More Televised Debates Planned for Legislative, Presidential Elections

A panel including representatives from Tunisian National Television, ISIE, and Munathara present details on the next election debates at Hotel Africa in Tunis on Wednesday, September 25, 2019. Photo by George Gale

Tunisia’s state broadcaster, Tunisian National Television, along with international non-profit organization Munathara, are planning to hold two televised debates in the lead up to the October 6 legislative elections.

The groups made the announcement at a press conference on Wednesday, September 25 at a high profile event at Hotel Africa.

“The electoral debates are one of the most important elements in the democratic process because they contribute to enlightening voters’ choices, making candidates accountable to their people and establishing a culture of debate in Tunisia,” reads a press release distributed at the conference by Munathara and Tunisian National Television.

Munathara is an organization with offices in Washington D.C., Amman, and Tunis that aims to promote debate. The group had proposed holding the debates and made the case for the importance of such debates to the High Independent Election Body (ISIE by its French acronym) in October 2018. The group has also worked to make sure that the debates are widely available by allowing any network to broadcast the debates so long as they agree to broadcast them in full. This current project has been supported financially by the German and Swiss foreign ministries.

Mohamed Lassaad Dahech, CEO Tunisian National Television, said at the Wednesday conference that the debates, entitled “Road to Bardo: Tunisia Decides,” will take place on October 1 and October 2. However Belabbes Benkredda, founder of the Munathara Initiative, indicated to Meshkal on Thursday afternoon in a phone interview that there will now be three debates instead of two.

A spokesperson for ISIE, Hasna Ben Slimane, was present at the Wednesday press conference but clarified that ISIE’s role in the debates is relegated to making sure that candidates are afforded equal time.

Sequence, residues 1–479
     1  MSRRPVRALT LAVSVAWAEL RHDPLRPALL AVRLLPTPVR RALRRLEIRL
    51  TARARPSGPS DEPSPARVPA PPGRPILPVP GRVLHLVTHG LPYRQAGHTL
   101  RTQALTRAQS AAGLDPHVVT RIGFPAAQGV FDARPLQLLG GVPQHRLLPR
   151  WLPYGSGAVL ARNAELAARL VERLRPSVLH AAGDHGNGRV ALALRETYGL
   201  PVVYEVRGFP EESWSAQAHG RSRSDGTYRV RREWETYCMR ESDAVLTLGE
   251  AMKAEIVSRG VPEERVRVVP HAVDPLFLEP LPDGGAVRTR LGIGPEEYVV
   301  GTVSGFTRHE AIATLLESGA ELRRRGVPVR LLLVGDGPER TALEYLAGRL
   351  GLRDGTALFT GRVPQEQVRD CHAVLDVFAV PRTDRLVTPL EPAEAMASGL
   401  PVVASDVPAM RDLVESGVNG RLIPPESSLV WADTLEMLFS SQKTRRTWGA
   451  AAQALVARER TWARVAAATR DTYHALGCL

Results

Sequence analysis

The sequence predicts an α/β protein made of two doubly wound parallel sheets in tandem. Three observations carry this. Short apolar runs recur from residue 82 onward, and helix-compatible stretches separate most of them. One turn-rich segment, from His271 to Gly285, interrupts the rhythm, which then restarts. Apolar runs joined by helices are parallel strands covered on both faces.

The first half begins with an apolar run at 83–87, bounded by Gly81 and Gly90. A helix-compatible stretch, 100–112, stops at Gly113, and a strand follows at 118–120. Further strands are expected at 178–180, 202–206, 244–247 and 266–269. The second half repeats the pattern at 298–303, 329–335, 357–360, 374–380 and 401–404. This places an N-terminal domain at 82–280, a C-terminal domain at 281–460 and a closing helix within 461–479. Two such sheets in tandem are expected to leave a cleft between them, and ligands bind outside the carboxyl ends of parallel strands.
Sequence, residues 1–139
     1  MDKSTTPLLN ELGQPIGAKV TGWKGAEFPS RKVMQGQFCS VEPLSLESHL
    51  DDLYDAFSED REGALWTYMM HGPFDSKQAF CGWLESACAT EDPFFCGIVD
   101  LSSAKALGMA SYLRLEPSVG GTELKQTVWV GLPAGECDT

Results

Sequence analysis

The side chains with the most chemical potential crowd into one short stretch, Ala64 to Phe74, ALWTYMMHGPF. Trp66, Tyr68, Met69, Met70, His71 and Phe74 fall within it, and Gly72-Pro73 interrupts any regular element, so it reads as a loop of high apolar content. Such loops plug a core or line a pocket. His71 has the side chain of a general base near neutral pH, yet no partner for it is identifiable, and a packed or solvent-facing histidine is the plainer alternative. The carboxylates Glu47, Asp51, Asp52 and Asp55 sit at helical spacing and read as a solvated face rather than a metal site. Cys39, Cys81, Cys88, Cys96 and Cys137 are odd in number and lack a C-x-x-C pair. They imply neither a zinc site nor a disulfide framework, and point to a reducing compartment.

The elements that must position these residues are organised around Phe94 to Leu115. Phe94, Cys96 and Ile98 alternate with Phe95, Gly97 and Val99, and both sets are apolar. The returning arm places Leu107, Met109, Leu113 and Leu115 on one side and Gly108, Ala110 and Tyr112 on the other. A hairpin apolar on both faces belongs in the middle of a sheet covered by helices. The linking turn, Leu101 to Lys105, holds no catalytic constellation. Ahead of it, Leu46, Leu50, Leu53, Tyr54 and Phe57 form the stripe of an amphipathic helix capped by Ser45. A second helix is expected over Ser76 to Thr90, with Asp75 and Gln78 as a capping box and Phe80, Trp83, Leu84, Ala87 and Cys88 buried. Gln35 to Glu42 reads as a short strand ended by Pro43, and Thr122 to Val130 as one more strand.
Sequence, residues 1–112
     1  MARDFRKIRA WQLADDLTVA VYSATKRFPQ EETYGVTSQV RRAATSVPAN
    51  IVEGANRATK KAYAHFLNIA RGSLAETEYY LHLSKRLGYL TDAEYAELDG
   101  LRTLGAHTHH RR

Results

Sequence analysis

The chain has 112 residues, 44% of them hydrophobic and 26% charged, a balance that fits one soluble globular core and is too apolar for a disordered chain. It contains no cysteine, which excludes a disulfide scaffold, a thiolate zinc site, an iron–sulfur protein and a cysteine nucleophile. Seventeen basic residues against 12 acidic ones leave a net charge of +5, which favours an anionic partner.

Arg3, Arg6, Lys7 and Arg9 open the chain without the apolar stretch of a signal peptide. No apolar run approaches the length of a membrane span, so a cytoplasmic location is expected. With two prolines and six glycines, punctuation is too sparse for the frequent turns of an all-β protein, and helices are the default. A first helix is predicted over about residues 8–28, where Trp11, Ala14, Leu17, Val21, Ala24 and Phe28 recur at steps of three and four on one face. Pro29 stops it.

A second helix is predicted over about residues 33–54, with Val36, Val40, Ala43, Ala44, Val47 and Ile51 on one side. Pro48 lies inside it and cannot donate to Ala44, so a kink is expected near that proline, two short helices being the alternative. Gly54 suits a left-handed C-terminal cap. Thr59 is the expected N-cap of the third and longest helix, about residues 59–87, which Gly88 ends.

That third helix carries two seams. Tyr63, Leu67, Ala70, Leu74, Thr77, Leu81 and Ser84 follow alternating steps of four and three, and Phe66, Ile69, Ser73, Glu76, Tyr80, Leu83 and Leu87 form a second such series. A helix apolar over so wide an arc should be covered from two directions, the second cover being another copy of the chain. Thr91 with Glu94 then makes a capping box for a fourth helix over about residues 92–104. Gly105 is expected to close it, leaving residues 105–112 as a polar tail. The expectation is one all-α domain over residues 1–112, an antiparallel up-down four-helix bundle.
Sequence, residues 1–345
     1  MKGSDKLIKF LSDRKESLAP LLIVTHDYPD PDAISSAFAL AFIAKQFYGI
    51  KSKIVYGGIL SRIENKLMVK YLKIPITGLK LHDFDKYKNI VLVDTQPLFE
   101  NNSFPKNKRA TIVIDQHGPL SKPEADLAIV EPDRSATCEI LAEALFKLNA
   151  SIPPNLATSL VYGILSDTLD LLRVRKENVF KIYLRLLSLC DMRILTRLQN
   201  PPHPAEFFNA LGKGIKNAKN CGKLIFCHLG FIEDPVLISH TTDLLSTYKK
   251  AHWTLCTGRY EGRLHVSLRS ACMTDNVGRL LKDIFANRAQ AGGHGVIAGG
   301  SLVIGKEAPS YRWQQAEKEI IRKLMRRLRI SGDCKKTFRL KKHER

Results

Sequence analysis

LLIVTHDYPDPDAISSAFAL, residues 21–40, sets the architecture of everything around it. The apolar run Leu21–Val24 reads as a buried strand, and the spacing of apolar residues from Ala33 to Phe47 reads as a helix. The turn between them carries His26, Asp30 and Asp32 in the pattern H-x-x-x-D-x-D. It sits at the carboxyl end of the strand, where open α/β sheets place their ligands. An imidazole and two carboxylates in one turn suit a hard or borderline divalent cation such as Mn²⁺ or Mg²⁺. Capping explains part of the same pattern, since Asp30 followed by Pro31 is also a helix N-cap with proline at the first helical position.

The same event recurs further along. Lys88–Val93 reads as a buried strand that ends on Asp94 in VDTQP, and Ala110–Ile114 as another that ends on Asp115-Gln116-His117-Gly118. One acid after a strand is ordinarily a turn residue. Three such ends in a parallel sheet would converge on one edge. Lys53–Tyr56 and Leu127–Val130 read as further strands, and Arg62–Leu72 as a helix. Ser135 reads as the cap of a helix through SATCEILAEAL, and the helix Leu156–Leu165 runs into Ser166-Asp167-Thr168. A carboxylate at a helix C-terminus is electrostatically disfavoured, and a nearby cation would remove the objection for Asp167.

However, absolutely equal time during the debates will be impossible, as unlike in the first presidential debates, the vast number of candidates running for parliament compelled organizers to use a different format. Each debate will feature only nine electoral lists out of the more than 1500 that are standing for election. These nine will be selected at random by organizers through a lottery system but with a view to giving equal representation to different regions.

“The idea here is to give a general overview, a macro view of the party lists, independent lists, and coalition lists,” Dahech said.

There are over 15,000 candidates in over 1500 lists running in the legislative elections. This is due to a party list system that puts forward as many candidates as there are seats in the electoral district. For example, any party or independent candidate wishing to run in the electoral district of Tunis 1 must put forward a total of nine candidates for each of the nine seats in the electoral district of Tunis 1, to account for the extremely rare chance that a party receives 100 percent of the votes and must fill each of the nine seats. ISIE has approved 49 lists— including both party and independent lists—running for the district of Tunis 1, competing for the district’s nine seats in parliament. 49 lists with nine candidates each means there are 441 candidates running in that electoral district alone.

The televised presidential debates for the first round of the presidential elections, was the first time Tunisia held such debates. Those debates attracted 3.5 to 4 million viewers according to Dahech, more than half of Tunisia’s 7 million registered voters.

Dahech said that the second round of the presidential debates will also feature two debates between candidates Kais Saied and Nabil Karoui.

The first presidential debate will focus on national security and the second on foreign relations, according to Dahech.

Karoui is still in prison on charges of money laundering and tax evasion, however both representatives from ISIE and from national television said they are in contact with the judiciary and have requested the courts to allow Karoui to take part in the debates, either from prison via a live feed or on stage on a temporary release. There had been rumors that Karoui might be released on Wednesday September 25, however he remains in prison as this story went to publication.

Ben Slimane of ISIE reiterated that this it is in the interest of defending the constitution to allow Karoui to participate in the debate, noting the constitution “doesn’t prevent a detained person from exercising their civil and political rights.”

The Tunisian League of Human Rights (LTDH by its French acronym) has called for Karoui to be released from prison to freely run his election campaign.

Dahech said that the presidential elections are expected to be held on October 13th, however ISIE has yet to issue an official announcement confirming this date.

“I’m sure election debates will become an institution in Tunisian politics.” said Belabbes Benkredda, founder of the Munathara Initiative.